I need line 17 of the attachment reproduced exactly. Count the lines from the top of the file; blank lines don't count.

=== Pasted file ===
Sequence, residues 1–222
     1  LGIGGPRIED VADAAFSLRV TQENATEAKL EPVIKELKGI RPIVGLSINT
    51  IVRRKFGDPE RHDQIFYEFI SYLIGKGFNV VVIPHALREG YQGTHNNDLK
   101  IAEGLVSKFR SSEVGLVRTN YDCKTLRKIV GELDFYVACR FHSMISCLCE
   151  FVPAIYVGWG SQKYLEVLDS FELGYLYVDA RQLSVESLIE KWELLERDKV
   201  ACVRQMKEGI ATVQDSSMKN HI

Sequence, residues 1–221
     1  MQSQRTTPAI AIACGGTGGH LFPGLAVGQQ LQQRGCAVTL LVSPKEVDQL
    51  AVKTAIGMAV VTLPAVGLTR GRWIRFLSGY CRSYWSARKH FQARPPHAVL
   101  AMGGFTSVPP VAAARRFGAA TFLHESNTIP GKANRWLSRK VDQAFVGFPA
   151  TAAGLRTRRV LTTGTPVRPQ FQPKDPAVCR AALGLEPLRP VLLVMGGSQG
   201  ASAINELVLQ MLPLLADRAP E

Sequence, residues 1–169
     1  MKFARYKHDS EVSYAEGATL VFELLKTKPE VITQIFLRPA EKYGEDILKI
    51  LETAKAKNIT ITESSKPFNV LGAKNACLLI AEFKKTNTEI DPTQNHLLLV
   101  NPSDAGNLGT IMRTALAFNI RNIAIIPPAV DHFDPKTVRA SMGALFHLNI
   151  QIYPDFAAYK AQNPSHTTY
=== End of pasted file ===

   151  QIYPDFAAYK AQNPSHTTY